Directed by Matthew Bright. Starring Reese Witherspoon, Kiefer Sutherland, Dan Hedaya, Amanda Plummer, Brooke Shields, Michael T. Weiss, Bookeem Woodbine. (1996, R, 100 min.)
REVIEWED By Steve Davis, Fri., Oct. 25, 1996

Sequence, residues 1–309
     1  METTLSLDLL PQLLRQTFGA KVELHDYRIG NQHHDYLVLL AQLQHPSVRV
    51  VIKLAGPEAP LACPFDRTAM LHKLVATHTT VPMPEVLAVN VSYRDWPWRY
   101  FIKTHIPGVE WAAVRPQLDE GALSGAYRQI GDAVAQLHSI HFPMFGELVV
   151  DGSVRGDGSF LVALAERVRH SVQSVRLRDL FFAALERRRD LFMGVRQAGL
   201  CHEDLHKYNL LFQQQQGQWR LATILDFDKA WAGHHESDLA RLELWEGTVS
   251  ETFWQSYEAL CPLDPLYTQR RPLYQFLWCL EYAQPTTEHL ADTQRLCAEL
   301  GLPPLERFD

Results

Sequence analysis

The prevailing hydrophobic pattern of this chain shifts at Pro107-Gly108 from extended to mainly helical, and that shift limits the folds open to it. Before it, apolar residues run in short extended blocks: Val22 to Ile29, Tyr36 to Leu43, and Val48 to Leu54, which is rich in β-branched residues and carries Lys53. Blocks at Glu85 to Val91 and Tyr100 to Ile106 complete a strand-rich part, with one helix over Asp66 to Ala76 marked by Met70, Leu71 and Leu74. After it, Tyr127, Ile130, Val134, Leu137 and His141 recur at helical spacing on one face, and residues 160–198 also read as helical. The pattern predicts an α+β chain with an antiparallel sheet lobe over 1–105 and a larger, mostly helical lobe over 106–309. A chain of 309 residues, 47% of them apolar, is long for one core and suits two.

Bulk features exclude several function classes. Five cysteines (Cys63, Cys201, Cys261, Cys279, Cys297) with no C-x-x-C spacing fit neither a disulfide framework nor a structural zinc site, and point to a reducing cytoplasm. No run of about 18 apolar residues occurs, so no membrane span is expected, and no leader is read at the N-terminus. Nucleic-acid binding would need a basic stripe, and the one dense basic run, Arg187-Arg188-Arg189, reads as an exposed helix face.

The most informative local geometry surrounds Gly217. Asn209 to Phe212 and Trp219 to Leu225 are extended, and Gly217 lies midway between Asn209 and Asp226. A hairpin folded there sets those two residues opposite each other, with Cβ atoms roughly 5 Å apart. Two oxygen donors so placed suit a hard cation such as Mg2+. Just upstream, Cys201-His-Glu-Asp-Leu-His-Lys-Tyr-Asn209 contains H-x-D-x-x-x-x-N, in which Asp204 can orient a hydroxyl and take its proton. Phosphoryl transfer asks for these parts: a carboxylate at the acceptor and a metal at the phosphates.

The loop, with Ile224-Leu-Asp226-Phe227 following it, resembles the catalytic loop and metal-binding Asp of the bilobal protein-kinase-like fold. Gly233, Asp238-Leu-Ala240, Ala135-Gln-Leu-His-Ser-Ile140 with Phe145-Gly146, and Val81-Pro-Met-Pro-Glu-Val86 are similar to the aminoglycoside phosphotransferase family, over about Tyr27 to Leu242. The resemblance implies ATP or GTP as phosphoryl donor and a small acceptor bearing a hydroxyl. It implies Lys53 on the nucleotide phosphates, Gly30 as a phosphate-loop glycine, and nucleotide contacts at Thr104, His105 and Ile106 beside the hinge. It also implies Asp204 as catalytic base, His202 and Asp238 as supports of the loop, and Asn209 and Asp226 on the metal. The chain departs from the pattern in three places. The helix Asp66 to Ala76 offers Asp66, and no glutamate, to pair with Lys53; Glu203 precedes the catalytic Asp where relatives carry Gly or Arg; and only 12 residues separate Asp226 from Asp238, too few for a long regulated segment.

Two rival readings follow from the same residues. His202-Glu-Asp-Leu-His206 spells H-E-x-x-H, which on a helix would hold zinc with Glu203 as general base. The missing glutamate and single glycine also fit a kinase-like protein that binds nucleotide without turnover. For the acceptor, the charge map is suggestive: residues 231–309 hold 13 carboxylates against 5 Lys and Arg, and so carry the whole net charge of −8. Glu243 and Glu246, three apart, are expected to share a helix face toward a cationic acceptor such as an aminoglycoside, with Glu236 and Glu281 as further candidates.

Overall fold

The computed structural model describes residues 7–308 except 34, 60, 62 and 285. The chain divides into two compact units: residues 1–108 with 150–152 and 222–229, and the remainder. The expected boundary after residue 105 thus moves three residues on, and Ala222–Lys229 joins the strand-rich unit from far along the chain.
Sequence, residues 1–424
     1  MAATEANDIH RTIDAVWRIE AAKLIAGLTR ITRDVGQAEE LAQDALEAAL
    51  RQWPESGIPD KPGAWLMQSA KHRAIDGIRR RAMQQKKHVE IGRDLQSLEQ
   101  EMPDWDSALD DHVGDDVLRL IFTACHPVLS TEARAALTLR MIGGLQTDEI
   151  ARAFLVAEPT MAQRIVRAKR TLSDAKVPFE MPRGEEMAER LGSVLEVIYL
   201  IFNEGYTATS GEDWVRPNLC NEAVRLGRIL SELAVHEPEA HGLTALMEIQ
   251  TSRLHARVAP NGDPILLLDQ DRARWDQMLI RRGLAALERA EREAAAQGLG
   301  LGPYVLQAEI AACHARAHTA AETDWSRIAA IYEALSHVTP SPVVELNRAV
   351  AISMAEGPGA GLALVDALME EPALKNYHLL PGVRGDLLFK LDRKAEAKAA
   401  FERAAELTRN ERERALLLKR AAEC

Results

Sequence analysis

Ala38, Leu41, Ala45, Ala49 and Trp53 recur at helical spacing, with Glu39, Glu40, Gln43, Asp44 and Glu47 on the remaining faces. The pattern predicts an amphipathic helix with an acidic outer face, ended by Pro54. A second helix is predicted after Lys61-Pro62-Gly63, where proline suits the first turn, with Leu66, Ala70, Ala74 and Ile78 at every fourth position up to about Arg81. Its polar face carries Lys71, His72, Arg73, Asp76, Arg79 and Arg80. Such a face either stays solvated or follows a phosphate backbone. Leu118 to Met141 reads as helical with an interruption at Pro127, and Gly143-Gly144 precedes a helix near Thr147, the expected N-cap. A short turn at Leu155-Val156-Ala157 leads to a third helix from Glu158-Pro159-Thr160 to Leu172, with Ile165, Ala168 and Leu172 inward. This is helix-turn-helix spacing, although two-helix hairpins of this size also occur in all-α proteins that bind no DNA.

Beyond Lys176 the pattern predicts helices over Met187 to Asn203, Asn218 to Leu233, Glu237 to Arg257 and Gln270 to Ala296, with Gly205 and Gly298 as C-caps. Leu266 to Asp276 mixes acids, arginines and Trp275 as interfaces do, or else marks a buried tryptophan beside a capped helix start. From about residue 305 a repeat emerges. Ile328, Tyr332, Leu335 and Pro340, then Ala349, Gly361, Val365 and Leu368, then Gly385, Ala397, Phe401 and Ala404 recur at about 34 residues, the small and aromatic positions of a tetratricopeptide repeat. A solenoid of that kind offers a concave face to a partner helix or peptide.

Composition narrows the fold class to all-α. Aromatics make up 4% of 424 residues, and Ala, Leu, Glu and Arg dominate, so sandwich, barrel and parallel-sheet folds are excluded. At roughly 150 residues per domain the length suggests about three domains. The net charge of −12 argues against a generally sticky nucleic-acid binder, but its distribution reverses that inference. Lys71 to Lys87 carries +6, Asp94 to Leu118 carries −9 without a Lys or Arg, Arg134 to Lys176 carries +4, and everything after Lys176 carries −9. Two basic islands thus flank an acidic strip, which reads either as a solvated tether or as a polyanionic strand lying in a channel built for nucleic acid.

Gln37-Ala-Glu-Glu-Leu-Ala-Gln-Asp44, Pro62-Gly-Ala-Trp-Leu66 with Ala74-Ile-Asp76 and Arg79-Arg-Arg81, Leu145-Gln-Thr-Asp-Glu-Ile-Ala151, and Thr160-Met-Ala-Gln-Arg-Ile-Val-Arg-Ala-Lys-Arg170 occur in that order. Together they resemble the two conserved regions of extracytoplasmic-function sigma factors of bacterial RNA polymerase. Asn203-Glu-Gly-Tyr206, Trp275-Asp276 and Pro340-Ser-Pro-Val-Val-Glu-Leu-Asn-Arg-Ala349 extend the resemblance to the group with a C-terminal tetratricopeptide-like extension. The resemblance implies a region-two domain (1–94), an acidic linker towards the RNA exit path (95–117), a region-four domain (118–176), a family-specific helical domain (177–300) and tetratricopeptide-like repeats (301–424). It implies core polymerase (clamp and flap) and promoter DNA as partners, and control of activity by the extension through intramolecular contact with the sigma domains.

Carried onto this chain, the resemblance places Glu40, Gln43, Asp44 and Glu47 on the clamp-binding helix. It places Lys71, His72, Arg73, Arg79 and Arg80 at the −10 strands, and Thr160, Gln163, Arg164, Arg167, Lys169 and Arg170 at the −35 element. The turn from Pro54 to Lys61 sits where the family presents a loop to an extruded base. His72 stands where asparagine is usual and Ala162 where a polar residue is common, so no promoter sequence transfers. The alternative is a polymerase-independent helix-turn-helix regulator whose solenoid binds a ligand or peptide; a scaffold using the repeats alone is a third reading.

A white-trash riff on Little Red Riding Hood, the oddly titled Freeway is a road movie that hits a dead end. While allusions to the children's story abound in the film's first 20 minutes -- its troubled teenaged heroine, wearing a crimson faux leather jacket and carrying a basket, is on her way to grandmother's house -- the narrative goes awry upon the entrance of the wolf, depicted here as a freeway serial killer who preys upon young women of questionable morals. Once li'l Red and Big Bad Wolf meet, however, Freeway takes an odd turn: It becomes a Linda Blair B-movie, a would-be feminist manifesto in which its frazzled protagonist embarks on a crime spree, striking back with adolescent fury at a world that won't leave her be. What makes Freeway watchable is the presence of Witherspoon as Vanessa Lutz, who gives a twangy, furiously funny performance here as the spunky alter ego to a much less threatening fictional character in our collective memory. The girl has got a mouth on her, whether she's politely saying, “Yes, ma'am,” out of force of habit, or letting fly a string of four-letter invectives that are as startling as they are comical. Witherspoon reminds you of Jodie Foster in her younger years -- something of a tomboy, possessing a keen intelligence -- and she makes this movie a much better experience than it otherwise should be. As the benign face of evil in the film, Sutherland is eerie, but only for the fact that he is sounding and looking more and more like his father. Otherwise, his grotesqueness -- both before and after Witherspoon pumps him full of bullets -- is not anything to write home about. Because director/screenwriter Bright borrows from Tarantino, Lynch, and others, the resulting film feels second-hand, although the fairy-tale angle could have worked had it been better focused. At least the film's discordant score (by the brilliant Danny Elfman) gives it an edge, one that Bright's direction and screenplay can't seem to fathom. All told, this Freeway goes nowhere.